you stopped being a white girl at sugarland (on 221 n 9th st and driggs ave) – 26 (williamsburg, borough of lost boys)

*

-every three years-

*by someone that tries to record

most of his “…truth ~ (pause.) ~ and lies”*

(frankie leone, just a man)

*

*every three years she makes a mistake with a man. thirty-six pages have evaporated off the calendar.

she’s on the other side of an uncrowded bar on north 9th street. i watch her run her eyes across me.

looking around i realize most of the women here stopped making mistakes with men in high school.

the clock smirks with intact inhibitions. it shares the early hour.*

*

*my friend’s drinking. sticking to his m-o he’s over-shot the mark. his androgynous face is inches from my ear. the volume of his voice is past the border of comfort. a thin arm wraps around my shoulders.

i’ve never had rigid boundaries. disregarding this proximity isn’t difficult.

he speaks. i listen. “don’t let the boyishness throw you a curve ball. you can see she’s got a lot going on even if she isn’t plugging it into amps at the garden. don’t think i’m lying. definitely don’t think it’s a hopeless cause.

“a couple guys have felt those lips.”*

*

*“you’re not a midget. you and i could dance.”

she laughs warmly. my out-of-place bluntness makes her uncomfortable.

“yeah, i’ve always been awkwardly tall too. it makes dancing with most people comical. it’s no tragedy. i’m terminally a white girl on the dance-floor.”

we’re standing close to each other. my eyes half-smile into hers.

“the caucasian cop out gets over-abused. it’s a handicap overcome with a sex-driven beat. a touch of apathy breaks it down. add recklessness and it crumbles.

“someone else’s hand in your back pocket doesn’t hurt either.”

her smile continues. even though it sounds like i’m almost joking she seems interested.

“ok. help me stay alive in brooklyn. how do i know if my crumpets and tea are turning to guava juice and soul food?”

she plays along, and well. however, she hasn’t mastered rolling the dice with confidence. unlike mine her discomfort’s displayed honestly on her features.

my eyes don’t fade. i wink, blow on the dice, and roll again.

the music’s loud. not too loud. my body moves close to hers. i speak into her ear anyways.

“hypothetical situation: we’re dancing. hip-hop’s playing. this place is full of white people originally from the suburbs.

“everyone should gawk in disgusted judgment. if we feel disinterest we’re still sipping high-balls on the golf-course.

“want to take a ride on the j train away from manhattan?”

smiling and laughing she nods with eyes locked into mine. something with fun mistakes in the bass courses through the speakers. it helps me bite my lower lip.

impure thoughts project themselves through pores of my scarred and illustrated skin. it’s satisfying she doesn’t seem to want to leave my theater.

my wrists are sore from manual labor. my calloused hands find their way to her hips. i pull her against me completely.

she’s been honest. her movements brawl the beat.

eventually she submits. her hips allow my hands to guide her to its will.

our movement intensifies and her gaze escapes the windows to my soul. for once this doesn’t spark self-consciousness. i believe she wants back inside.

we move. it becomes clear to me, and i conjecture her too, where our subway ride on the dance floor is taking us. the room reeks of sweat and forgetfulness.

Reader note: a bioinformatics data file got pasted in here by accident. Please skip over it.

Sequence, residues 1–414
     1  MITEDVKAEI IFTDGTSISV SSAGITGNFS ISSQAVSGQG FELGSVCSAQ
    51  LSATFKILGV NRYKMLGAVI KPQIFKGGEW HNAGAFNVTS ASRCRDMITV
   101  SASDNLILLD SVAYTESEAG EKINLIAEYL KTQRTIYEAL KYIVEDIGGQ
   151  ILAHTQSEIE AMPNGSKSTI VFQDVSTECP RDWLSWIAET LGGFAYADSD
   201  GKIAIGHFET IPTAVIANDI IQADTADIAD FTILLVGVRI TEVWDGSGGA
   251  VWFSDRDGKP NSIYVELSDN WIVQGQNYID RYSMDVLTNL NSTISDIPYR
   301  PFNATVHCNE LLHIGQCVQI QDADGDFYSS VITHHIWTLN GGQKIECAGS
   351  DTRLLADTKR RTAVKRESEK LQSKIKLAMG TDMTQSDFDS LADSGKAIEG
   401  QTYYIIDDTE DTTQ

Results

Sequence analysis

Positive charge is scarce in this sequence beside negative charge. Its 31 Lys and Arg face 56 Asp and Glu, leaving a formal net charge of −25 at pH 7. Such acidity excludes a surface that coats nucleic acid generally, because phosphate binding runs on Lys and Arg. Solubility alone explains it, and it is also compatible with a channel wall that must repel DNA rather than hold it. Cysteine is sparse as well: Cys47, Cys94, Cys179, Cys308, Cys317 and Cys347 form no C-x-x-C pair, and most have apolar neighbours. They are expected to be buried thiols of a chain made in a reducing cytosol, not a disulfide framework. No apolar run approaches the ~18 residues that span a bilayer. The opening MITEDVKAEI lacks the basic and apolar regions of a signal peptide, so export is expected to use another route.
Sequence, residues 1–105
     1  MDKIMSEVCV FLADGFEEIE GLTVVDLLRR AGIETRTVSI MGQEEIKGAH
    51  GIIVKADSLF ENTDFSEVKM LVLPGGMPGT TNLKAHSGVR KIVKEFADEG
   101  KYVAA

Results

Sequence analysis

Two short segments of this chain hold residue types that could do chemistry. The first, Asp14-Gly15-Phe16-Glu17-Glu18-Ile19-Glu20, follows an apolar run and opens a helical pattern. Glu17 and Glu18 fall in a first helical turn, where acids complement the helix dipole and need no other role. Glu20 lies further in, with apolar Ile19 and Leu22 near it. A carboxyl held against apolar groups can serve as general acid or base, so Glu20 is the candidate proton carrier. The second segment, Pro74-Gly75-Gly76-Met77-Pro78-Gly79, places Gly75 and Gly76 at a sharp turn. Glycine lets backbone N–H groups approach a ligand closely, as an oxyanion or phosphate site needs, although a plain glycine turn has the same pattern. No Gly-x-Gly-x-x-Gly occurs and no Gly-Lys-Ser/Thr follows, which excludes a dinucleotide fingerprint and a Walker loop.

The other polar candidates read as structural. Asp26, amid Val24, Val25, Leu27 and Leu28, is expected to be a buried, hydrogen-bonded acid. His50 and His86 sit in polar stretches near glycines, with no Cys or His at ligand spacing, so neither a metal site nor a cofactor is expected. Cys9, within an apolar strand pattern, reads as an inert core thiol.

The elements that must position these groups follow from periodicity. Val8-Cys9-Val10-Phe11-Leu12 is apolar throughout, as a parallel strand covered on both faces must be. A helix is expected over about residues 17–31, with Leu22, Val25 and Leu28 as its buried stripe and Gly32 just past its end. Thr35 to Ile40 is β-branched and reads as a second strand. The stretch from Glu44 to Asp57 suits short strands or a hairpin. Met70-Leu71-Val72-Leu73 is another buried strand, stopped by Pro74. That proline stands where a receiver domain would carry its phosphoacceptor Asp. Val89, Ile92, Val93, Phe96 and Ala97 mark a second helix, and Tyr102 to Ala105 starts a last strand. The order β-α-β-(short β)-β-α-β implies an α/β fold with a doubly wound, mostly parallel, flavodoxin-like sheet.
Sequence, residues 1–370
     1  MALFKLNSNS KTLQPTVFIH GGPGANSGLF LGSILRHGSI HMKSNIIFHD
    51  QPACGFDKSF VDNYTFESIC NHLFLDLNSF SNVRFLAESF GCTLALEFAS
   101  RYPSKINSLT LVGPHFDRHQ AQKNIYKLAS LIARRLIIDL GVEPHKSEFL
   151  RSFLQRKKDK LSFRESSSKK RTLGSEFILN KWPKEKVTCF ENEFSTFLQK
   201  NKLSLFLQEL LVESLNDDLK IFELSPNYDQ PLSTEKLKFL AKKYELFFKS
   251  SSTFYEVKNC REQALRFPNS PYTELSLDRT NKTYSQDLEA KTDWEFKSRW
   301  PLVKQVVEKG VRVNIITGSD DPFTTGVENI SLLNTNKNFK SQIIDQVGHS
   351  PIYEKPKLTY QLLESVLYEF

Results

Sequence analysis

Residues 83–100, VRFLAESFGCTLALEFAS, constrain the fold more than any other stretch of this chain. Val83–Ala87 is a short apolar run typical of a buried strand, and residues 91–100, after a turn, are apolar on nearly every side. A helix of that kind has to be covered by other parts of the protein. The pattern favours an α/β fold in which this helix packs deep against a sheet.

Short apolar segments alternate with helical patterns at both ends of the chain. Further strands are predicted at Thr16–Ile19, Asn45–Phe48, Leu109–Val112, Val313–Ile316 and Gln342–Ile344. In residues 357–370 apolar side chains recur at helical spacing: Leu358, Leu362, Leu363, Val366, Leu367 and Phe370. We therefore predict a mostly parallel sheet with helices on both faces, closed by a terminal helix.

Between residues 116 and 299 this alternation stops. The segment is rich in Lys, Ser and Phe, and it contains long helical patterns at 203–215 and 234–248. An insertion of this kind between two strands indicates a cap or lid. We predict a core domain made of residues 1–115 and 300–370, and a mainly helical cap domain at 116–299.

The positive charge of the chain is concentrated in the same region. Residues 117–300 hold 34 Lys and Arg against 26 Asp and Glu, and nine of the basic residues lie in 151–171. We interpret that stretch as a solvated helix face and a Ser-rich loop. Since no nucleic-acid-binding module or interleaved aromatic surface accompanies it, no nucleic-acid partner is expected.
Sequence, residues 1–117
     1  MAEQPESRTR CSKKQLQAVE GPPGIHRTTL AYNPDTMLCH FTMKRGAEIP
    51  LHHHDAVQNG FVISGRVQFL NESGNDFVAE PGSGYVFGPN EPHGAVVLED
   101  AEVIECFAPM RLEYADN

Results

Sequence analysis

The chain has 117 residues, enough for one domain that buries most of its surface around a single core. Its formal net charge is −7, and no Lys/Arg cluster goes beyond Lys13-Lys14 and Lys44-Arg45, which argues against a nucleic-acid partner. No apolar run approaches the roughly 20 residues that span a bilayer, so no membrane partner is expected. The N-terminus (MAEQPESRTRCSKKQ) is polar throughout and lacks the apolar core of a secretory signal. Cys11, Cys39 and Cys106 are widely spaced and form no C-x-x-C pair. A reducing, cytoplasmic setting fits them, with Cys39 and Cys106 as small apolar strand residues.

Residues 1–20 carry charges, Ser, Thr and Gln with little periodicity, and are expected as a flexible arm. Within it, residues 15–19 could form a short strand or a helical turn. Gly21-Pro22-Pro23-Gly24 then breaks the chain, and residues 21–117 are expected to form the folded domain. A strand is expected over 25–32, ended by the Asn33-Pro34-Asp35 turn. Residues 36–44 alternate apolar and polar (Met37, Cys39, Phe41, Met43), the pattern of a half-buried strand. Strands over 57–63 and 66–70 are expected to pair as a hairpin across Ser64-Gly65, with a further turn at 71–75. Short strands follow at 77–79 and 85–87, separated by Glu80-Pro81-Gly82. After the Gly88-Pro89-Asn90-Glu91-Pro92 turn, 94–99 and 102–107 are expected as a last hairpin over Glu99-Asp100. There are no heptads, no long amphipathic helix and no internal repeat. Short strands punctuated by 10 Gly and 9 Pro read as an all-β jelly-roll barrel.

we grip our wallets in a neighborhood of our minds with no tourists.

i smile and lift her arms onto my shoulders and around my neck. she reacts with shy laughter. my hands grip her hips firmly. in moments it isn’t a laughing matter.

my fingers curl around the back of her neck drawing her ear close to my lips. i speak with deliberateness, “i heard you only mess around with men once every three years.”

her nervous laughter makes more brush strokes on the air between us. i continue, “how long’s it been?”

“three years.”

my palm’s on her neck off-center. my thumb’s resting lightly on her chin. the music plays with intent.

i move. she moves. our lips move onto each others.*

*

*eventually the song ends. that’s what they do. there are more words, “i’m not going to leave with you tonight.”

my half-smile does what it can, “i’m into exactly what we’ve had.”

“you seem like you do this a lot.”

“i don’t know what you mean.”

i know what she means. she explains what i already know. half-disputing i give my version of my truth.

she seems satisfied.

“this is uncomfortable. i’m used to seducing straight girls. i don’t like having no control. you have it all.”

“you’re right. you don’t. you’re wrong though. i don’t either. neither do they,” i gesture at the masses of dancing strangers, “some just think they do.”

it’s hours past midnight. the clock’s irritated. glaring at me, it ticks angrily at my work day starting at nine am. i put my tail between my legs.

i explain then move closer to whisper. it’s my experience things mean more said this way.

“i know this probably won’t happen again. i dug that we rose above the caucausian cop-out after midnight together. please, let’s try not to be awkward if we see each other again.”

in silence we stare at each other for a few moments. point-blank.

i finish, “good night.”

we move our lips onto each others. our lips separate.

that’s what they do.*

*

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*

About Frankie Leone

Tries to write a version of his truth. Also a nightlife worker. Born at Beth Israel Hospital on 1st Ave between 16th and 17th St on December 15, 1984. Lives in Brooklyn. Bears a few scars, tattoos, and regrets. View all posts by Frankie Leone

4 responses to “you stopped being a white girl at sugarland (on 221 n 9th st and driggs ave) – 26 (williamsburg, borough of lost boys)

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